The rapidly gentrifying German capital, known equally for its slack table service and louche poolside manners, is currently hosting three exhibitions featuring South African artists.

William Kentridge’s impressive survey exhibition at Martin-Gropius-Bau is titled No It Is! The title has been a talking point amongst locals.

In a TV interview, curator Wulf Herzogenrath explained how Kentridge opted to draw on our idiomatic habit of saying “no” when we mean “yes” as a way of plumbing a deeper national uncertainty.

Kentridge’s exhibition is an immersive experience.

Laid out in six sections, it begins with a gorgeous 2003 film installation dedicated to French filmmaker Georges Méliès, one of the fathers of cinema, and also includes the film and sculptural installation The Refusal of Time (2012).

The show makes clear the role of autobiography, collaboration, repetition and art history on Kentridge’s work as an artist. It includes etchings by Albrecht Dürer and Edward Hopper as well as a woodcut print by John Muafangejo, all owned by Kentridge.

The routine petitioning of the past in Kentridge’s work suggests that the present is ultimately an expression of the past. In a city whose urban makeover resembles an episode of Botched, the past is however also something to be overcome.

This year’s Berlin Biennale certainly delivers a radical jolt of newness in its nostalgia-free survey of the present.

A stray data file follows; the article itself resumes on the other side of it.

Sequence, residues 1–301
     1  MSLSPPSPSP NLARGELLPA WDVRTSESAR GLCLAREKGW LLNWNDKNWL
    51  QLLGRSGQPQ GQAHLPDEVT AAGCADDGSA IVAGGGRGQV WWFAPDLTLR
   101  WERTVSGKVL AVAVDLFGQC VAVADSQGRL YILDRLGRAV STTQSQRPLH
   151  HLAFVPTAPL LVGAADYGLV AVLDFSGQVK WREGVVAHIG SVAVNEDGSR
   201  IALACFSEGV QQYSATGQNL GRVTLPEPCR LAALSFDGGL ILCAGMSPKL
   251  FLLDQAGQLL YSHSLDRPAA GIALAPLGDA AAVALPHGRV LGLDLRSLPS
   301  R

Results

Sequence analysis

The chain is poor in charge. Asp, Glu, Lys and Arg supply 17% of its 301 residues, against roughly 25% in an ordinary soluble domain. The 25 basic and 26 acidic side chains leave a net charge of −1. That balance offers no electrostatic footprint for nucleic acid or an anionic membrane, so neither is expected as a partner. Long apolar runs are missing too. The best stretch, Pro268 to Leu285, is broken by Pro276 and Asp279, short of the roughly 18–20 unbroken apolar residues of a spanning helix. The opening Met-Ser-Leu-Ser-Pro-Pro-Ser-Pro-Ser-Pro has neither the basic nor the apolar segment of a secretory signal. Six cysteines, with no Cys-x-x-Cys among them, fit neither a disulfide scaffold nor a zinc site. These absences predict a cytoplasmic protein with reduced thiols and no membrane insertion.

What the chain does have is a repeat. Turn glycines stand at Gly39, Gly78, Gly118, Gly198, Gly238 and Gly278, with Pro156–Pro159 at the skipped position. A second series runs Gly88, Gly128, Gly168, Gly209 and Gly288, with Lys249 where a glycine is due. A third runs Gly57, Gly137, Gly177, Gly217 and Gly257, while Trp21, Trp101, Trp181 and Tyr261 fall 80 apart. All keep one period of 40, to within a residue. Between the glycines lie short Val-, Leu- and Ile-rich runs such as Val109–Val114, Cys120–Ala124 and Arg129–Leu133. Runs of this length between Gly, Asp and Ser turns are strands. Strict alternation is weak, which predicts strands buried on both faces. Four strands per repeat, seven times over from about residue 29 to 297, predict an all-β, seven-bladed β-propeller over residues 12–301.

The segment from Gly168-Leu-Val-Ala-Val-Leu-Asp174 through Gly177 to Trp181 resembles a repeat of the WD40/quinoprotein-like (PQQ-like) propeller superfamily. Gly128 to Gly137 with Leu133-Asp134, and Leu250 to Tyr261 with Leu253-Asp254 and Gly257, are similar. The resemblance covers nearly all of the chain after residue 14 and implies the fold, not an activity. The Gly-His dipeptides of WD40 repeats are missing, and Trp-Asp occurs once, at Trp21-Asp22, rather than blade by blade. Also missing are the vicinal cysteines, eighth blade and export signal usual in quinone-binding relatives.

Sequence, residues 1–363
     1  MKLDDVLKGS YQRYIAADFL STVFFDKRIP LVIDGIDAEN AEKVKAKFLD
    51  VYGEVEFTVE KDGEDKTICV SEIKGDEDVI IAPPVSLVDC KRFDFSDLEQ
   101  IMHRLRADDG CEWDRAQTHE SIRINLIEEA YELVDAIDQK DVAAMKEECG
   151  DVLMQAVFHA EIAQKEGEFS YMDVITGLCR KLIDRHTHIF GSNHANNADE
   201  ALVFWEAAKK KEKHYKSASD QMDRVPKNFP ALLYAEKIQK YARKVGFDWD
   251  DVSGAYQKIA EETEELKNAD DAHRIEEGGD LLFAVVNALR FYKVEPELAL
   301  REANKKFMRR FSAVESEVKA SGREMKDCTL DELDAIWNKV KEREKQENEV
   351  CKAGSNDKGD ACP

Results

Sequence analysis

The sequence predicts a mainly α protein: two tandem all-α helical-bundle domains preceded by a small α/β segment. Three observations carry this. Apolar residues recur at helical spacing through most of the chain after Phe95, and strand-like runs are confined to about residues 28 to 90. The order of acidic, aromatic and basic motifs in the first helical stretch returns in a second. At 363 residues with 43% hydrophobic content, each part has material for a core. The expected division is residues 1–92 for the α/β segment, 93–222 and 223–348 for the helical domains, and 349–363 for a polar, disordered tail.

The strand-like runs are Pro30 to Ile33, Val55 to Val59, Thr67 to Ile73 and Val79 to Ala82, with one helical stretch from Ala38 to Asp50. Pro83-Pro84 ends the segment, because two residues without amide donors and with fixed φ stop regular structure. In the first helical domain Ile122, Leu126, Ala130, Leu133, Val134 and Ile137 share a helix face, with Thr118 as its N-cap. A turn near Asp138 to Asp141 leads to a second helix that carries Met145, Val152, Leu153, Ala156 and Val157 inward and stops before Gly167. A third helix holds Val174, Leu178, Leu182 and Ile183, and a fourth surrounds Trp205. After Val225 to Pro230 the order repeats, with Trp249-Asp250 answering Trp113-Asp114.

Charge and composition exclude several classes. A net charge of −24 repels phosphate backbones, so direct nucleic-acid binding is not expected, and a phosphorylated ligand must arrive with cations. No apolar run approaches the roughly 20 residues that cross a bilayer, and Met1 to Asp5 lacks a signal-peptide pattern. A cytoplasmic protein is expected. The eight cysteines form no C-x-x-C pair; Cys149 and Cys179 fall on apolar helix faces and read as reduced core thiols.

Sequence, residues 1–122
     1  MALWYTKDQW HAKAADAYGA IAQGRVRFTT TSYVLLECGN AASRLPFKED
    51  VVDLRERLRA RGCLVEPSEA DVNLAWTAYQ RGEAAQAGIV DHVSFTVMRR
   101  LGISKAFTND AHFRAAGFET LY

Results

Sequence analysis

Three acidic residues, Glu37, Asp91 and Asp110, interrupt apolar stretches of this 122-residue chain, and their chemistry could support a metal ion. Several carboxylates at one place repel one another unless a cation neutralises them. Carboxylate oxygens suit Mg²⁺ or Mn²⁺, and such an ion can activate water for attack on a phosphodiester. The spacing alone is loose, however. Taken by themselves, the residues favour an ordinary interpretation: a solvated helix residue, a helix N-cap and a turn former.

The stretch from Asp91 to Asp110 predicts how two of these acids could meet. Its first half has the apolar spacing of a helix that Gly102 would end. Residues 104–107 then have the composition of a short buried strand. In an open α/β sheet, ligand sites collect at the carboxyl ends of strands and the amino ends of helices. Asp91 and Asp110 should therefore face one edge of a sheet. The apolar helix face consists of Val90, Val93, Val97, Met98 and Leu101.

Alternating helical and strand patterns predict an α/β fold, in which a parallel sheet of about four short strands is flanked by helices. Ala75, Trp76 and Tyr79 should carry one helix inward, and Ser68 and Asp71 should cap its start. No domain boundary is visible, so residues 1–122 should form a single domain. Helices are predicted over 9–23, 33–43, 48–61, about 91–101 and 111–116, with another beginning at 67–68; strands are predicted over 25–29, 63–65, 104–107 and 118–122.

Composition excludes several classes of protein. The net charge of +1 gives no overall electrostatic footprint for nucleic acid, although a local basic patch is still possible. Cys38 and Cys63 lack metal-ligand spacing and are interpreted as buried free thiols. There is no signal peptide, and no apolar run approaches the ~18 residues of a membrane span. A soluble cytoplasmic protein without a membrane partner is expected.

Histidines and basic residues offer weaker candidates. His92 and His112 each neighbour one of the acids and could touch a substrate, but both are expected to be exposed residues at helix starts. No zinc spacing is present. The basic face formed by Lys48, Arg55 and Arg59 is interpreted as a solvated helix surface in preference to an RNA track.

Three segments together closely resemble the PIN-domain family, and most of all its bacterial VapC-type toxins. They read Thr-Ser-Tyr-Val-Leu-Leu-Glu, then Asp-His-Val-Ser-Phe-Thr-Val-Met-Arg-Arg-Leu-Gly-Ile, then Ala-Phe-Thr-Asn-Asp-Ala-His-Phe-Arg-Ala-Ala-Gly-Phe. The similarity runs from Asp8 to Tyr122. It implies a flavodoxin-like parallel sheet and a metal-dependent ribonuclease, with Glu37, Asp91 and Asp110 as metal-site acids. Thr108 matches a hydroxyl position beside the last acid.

Curated by the New York collective DIS, this technology- and branding-minded group exhibition explores the Google-influenced art of the present. Much of the “post-contemporary” art on view mimics the visual habits of marketers and state organs.

If this sounds obscure, Cuss Group, a Johannesburg collective founded by fashion graduates Ravi Govender and Jamal Nxedlana with graphic designer Zamani Xolo, make things more concrete.

Their Triomf Factory Shop is a retail outlet offering an own-brand beer, magazines and Jozi sass.

Cameroonian cultural entrepreneur Bonaventure Ndikung’s current exhibition at his gallery SAVVY Contemporary, located in a former crematorium, is a stark counterpoint to the big-budget theatrics and digital ennui of the biennale.

The Incantation of the Disquieting Muse, as his show is titled, aims to disrupt pat western notions of especially African and Caribbean magic and witchery.

Cape Town performance artist Buhlebezwe Siwani, who is also a practising sangoma, staged an incantatory performance on the opening night.

Photographer Andrew Tshabangu and multi-media artist Minette Vari are among the 20 exhibiting artists. Tshabangu shows documents of urban magic (women tending braziers), while Vari pursues the fabulous in a murky video featuring a Kentridge-like procession of Johannesburg figures.

  • Kentridge’s ‘No It Is!’ runs until August 21; the Berlin Biennale is on until September 18; ‘The Incantation of the Disquieting Muse’ ends on August 7